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Working in the Gig Economy

Last week we took a look at the gig economy and gave an explanation for those who were wondering what it is.  When it comes to small businesses, working in the gig economy as a freelance provider has increased dramatically in recent years, especially for those who provide professional services such as writing, copywriting, proof reading, accountancy and other business support services.  Working in the gig economy basically means running your own business and, as long as you have the skills and knowledge necessary to provide a service of some sort, barrier to entry is fairly low and, for some, risks can be negligible.  For those who offer remote business services, a computer and high speed broadband are just about all you need to get started and it’s a business that can be launched as a side business whilst still working the day job, which means you can test the waters and develop your business before giving up work and going it alone.  When you are ready to give up the day job, be aware that it’s not for the faint-hearted.

Although working in the gig economy can give you more control over many aspects of your life, there will be a host of social, person and economic challenges to deal with as you begin life without the support of a traditional employer.  Scheduling and finance can be unpredictable and you’ll sometimes need to bring your courage to bear when things look a little tough.  This extra tension is not for everybody – for those who really prefer stability, staying with your employer would probably be the best option.  However, if you’re up for the adventure of a lifetime, the gig economy may be where you find it.   If your work is carried out online, you can work from anywhere in the world and for clients from all four corners of the globe.  You’ll learn new stuff, meet new people, learn about new industries and become a font of knowledge on subjects you once barely knew existed.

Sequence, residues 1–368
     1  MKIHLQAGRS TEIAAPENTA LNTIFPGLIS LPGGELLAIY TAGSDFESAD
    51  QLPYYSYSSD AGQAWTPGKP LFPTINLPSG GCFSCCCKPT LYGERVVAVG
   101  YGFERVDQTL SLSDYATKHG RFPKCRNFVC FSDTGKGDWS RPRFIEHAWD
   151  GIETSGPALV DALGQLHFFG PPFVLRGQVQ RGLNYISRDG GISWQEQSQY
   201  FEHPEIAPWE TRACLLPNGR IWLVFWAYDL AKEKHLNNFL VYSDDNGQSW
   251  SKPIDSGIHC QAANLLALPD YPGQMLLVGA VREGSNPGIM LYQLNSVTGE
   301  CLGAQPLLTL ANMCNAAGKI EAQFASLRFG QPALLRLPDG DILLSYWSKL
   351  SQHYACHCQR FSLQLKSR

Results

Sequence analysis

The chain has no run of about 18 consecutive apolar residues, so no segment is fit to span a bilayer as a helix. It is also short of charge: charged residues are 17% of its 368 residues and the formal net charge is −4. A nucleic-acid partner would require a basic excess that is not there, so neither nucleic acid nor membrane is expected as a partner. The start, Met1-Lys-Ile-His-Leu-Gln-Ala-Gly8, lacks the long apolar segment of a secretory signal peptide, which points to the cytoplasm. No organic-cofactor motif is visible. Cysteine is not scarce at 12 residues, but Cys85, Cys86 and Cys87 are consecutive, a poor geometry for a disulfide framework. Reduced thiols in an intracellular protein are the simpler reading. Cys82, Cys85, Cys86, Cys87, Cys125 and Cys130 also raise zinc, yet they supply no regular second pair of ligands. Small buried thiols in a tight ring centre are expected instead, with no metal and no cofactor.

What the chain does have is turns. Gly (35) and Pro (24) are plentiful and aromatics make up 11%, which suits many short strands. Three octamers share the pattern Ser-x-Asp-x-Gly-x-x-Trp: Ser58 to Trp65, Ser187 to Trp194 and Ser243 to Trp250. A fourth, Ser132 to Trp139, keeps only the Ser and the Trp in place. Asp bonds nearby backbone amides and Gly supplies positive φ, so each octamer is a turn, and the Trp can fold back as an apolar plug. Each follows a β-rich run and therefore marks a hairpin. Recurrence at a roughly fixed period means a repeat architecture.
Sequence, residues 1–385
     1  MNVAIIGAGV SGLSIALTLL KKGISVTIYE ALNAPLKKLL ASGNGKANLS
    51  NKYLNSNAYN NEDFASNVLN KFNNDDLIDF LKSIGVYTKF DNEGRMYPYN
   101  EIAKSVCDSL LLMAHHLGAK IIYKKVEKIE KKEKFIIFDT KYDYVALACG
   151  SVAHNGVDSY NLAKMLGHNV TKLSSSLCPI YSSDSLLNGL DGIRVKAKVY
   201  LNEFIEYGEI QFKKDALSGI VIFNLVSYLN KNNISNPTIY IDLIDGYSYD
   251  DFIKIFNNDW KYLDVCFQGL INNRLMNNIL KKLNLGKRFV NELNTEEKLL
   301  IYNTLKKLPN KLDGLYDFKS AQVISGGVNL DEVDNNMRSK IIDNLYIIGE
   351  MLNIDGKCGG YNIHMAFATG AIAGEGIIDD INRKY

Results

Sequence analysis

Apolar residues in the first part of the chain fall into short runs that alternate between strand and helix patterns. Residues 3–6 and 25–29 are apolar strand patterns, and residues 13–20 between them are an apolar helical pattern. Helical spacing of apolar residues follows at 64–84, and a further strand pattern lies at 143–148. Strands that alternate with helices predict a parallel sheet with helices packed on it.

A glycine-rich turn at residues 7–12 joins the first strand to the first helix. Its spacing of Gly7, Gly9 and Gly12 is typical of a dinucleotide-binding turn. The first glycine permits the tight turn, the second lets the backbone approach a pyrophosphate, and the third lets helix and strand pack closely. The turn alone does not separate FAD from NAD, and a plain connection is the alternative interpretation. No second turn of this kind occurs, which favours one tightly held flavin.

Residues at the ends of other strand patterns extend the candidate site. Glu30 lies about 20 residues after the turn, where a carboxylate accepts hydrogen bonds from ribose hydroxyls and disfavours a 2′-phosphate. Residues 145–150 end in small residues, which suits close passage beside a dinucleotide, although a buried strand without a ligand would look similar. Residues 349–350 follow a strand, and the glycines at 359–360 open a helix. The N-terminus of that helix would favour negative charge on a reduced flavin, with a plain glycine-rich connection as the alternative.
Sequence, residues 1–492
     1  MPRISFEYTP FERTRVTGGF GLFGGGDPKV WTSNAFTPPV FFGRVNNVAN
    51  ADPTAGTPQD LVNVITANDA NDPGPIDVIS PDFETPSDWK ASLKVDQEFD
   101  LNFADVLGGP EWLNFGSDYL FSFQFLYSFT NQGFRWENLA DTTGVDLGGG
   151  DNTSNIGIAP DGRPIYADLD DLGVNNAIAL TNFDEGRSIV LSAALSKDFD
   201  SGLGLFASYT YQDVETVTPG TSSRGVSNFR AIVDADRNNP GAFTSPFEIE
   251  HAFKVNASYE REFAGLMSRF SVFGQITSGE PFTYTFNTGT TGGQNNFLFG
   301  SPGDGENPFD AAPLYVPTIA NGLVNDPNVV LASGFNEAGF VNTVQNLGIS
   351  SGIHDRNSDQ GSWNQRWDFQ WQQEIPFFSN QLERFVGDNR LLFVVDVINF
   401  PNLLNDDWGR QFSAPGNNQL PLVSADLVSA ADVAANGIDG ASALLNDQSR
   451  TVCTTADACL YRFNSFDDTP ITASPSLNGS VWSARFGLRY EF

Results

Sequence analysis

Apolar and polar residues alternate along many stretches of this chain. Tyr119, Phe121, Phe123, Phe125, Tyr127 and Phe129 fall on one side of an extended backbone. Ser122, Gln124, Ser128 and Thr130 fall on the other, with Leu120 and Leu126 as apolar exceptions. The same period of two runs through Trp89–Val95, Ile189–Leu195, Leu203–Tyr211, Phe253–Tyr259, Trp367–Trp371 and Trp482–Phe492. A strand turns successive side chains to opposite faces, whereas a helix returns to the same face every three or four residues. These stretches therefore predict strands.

This type of independence comes at a price though – produce or perish is the name of the game.  Yes, you can choose work assignments that will best suit your skills and talents and, sometimes, that are closely aligned to your own interests.  You’ll be producing your own work, in charge of your own life and you only have to take on work that you want to do.  That’s the pro side of working online in the gig economy.

You have to earn enough money to cover your living expenses and there are times when the work may not be rolling in, leaving you worried about how you’re going to manage.  This means that having some saving tucked away that you can dip into to see you through is a great idea.  IN order to keep this “keep going” fund safe, make sure you repay the money as soon as you’re able to as you may need it again in the future.  Maintaining a steady cash flow is one of the biggest challenges for many working in the gig economy so next week, we’ll be bringing you some financial advice on this.  Don’t miss out on the information you need to make the gig economy work for you – follow us on Facebook or Twitter so you’re notified as soon as the article is published.